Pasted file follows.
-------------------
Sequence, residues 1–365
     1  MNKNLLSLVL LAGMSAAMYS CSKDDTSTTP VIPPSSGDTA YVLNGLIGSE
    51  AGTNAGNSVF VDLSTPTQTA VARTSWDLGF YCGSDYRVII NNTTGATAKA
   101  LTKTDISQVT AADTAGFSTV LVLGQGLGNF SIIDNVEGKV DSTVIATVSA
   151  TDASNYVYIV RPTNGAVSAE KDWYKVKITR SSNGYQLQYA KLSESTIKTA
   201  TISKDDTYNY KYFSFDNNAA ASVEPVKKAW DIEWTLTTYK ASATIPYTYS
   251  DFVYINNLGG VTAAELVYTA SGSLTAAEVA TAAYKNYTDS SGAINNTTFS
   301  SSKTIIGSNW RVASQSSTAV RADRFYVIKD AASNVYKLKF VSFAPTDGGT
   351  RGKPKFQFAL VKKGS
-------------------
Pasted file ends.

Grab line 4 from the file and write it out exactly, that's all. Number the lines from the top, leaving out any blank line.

   101  LTKTDISQVT AADTAGFSTV LVLGQGLGNF SIIDNVEGKV DSTVIATVSA